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      GameDev.net and CRC Press have teamed up to bring a free ebook of content curated from top titles published by CRC Press. The freebook, Practices of Game Design & Indie Game Marketing, includes chapters from The Art of Game Design: A Book of Lenses, A Practical Guide to Indie Game Marketing, and An Architectural Approach to Level Design. The GameDev.net FreeBook is relevant to game designers, developers, and those interested in learning more about the challenges in game development. We know game development can be a tough discipline and business, so we picked several chapters from CRC Press titles that we thought would be of interest to you, the GameDev.net audience, in your journey to design, develop, and market your next game. The free ebook is available through CRC Press by clicking here. The Curated Books The Art of Game Design: A Book of Lenses, Second Edition, by Jesse Schell Presents 100+ sets of questions, or different lenses, for viewing a game’s design, encompassing diverse fields such as psychology, architecture, music, film, software engineering, theme park design, mathematics, anthropology, and more. Written by one of the world's top game designers, this book describes the deepest and most fundamental principles of game design, demonstrating how tactics used in board, card, and athletic games also work in video games. It provides practical instruction on creating world-class games that will be played again and again. View it here. A Practical Guide to Indie Game Marketing, by Joel Dreskin Marketing is an essential but too frequently overlooked or minimized component of the release plan for indie games. A Practical Guide to Indie Game Marketing provides you with the tools needed to build visibility and sell your indie games. With special focus on those developers with small budgets and limited staff and resources, this book is packed with tangible recommendations and techniques that you can put to use immediately. As a seasoned professional of the indie game arena, author Joel Dreskin gives you insight into practical, real-world experiences of marketing numerous successful games and also provides stories of the failures. View it here. An Architectural Approach to Level Design This is one of the first books to integrate architectural and spatial design theory with the field of level design. The book presents architectural techniques and theories for level designers to use in their own work. It connects architecture and level design in different ways that address the practical elements of how designers construct space and the experiential elements of how and why humans interact with this space. Throughout the text, readers learn skills for spatial layout, evoking emotion through gamespaces, and creating better levels through architectural theory. View it here. Learn more and download the ebook by clicking here. Did you know? GameDev.net and CRC Press also recently teamed up to bring GDNet+ Members up to a 20% discount on all CRC Press books. Learn more about this and other benefits here.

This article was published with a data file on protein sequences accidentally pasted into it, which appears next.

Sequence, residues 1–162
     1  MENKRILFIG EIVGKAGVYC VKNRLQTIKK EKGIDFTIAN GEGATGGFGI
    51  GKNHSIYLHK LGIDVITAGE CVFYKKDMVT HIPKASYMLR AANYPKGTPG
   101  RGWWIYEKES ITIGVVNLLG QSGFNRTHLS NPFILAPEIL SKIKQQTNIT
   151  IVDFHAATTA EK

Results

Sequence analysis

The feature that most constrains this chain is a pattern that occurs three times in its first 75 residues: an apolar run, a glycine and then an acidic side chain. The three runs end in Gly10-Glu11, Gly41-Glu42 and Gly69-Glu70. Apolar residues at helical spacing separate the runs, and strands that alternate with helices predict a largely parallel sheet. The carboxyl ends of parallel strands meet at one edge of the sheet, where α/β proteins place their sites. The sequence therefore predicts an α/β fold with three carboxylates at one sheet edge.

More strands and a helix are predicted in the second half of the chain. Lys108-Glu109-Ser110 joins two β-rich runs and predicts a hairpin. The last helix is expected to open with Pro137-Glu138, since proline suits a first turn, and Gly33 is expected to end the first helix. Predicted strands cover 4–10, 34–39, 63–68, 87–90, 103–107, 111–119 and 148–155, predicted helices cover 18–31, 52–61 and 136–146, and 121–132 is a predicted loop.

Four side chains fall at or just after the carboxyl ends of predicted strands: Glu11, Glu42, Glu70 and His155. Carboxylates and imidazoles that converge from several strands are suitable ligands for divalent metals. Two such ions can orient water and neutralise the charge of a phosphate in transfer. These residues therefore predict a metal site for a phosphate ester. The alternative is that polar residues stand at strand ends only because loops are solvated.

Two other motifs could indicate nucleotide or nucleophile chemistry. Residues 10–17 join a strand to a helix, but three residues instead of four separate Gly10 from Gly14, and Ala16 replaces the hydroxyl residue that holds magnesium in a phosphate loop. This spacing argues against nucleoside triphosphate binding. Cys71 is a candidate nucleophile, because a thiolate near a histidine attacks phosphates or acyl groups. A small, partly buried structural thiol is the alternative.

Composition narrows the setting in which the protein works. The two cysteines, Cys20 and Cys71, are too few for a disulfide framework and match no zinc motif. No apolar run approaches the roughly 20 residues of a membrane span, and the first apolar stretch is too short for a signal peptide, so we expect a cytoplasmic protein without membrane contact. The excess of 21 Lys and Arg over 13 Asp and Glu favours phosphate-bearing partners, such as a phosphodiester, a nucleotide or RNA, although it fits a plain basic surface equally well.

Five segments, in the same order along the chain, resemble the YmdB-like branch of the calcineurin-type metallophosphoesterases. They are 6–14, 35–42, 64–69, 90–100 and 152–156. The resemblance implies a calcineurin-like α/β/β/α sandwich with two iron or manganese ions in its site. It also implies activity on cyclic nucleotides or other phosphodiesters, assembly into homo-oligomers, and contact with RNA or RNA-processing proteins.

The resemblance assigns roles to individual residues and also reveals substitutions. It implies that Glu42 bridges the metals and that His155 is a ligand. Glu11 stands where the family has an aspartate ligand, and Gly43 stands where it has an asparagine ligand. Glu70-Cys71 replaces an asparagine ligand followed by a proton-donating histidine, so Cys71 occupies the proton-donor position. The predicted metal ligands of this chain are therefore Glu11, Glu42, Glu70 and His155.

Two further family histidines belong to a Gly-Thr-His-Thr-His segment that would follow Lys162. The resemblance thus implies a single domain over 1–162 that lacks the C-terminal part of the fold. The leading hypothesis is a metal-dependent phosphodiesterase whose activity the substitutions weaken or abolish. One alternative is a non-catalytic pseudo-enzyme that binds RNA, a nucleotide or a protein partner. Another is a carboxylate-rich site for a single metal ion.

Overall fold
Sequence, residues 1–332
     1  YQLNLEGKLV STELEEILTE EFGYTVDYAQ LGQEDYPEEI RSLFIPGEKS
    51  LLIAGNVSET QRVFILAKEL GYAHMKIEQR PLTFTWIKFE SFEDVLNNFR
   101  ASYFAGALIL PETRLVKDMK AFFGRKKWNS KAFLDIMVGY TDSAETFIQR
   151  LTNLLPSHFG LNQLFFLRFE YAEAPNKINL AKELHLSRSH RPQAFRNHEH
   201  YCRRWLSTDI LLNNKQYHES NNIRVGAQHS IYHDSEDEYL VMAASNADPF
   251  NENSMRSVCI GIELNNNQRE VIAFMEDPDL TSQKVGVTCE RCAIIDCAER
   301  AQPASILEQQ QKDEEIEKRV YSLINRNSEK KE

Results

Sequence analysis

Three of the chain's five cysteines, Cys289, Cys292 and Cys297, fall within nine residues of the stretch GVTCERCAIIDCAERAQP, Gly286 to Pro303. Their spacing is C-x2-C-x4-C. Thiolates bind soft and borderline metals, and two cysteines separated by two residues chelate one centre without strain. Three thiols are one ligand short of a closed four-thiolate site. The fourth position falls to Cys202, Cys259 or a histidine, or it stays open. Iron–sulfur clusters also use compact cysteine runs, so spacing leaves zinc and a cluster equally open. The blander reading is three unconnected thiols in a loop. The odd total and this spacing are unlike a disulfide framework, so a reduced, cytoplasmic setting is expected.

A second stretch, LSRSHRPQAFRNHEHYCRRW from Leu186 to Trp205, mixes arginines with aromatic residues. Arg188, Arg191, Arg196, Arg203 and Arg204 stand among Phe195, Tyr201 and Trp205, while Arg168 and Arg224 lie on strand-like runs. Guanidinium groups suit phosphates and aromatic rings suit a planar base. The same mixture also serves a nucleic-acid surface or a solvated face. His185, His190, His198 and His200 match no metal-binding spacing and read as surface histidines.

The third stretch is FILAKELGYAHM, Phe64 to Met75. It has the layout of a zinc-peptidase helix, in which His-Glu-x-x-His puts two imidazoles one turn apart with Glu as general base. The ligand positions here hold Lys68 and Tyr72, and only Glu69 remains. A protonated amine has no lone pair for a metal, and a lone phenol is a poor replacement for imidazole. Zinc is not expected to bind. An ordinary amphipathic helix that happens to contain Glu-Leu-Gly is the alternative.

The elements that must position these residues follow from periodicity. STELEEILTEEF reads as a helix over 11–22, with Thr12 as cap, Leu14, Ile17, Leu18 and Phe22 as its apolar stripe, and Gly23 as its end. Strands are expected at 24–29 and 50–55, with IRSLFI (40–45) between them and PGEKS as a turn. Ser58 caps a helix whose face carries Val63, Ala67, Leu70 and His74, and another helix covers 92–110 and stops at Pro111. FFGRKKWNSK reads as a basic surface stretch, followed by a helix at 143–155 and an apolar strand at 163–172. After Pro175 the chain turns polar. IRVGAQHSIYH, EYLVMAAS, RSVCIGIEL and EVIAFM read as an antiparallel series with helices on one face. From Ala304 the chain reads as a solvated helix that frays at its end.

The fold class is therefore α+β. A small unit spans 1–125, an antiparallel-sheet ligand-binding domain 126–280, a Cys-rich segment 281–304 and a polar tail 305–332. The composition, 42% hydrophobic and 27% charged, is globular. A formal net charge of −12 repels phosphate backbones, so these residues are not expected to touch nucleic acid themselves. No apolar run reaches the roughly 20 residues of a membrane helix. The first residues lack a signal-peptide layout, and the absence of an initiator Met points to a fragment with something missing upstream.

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hupsilardee

WSAEventSelect not working? Or am I using it incorrectly?

4 posts in this topic

Hello again. I have designed a pretty typical network IO model for my game based on WSAEventSelect, but it is not working. Some packets get sent (TCP) but then the program locks up at the WSAWaitForMultipleEvents function, which is in a separate thread.

Perhaps some pseudo-code will help. My networking looks like this

[code]
Vector3 playerPos;
Vector3 enemyPos;

SOCKET GameSocket;
EVENT exitThread;
WSAEVENT networkEvent;

// main thread
int main()
{
// Initialise GameSocket. If server, use listen() / GameSocket = accept()
// If client, use connect(GameSocket)

WSAEventSelect(GameSocket, networkEvent, FD_READ | FD_WRITE)
beginthreadex(network)

while (message pump)
{
render(playerPos, enemyPos);

EnterCriticalSection(positions);
// Modify playerPos due to keyboard input etc
LeaveCriticalSection(positions);

if (escape pressed)
break;
}

SetEvent(exitThread);
WaitForSingleEvent(network thread);
}

// network thread
int network()
{
Vector3 playerPos2;
Vector3 enemyPos2;

while (true)
{
EnterCriticalSection(positions);
playerPos2 = playerPos;
LeaveCriticalSection(positions);

WSAWaitForMultipleEvents()
WSAEnumNetworkEvents()
if (network event read)
{
recv(enemyPos2);
}
if (network event write)
{
send (playerPos2);
}

EnterCriticalSection(positions);
enemyPos = enemyPos2;
LeaveCriticalSection(positions);

if (WaitForSingleEvent(exitThread, timeout = 0))
break;
}
return 0;
}
[/code] Edited by hupsilardee
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You should have a look at the event handling description. I think I read there something about the tiny thing, that the events are thread specific.
But this is about 10 years ago. So. Have a look for it.
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Moved the SocketEvent into the worker thread, so it is created at thread start, closed at thread end, and never used by the main thread.
Aaaaand... it still doesn't work :(
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Events are not thread specific, BUT WSAEventSelect() has a bunch of caveats in how you can use it. Specifically, your code may end up deadlocking because of race conditions if I remember right.
WSAEventSelect(), and WSAAsyncSelect(), are relics from the Windows 3.1 / Windows 95 days. You do not want to use them for any new code. If you want portable code, use regular select(). If you want high-performance, non-blocking Windows code, use OVERLAPPED I/O with I/O completion ports.
Or, if you want multi-threaded, non-blocking code, that's portable, use boost::asio.
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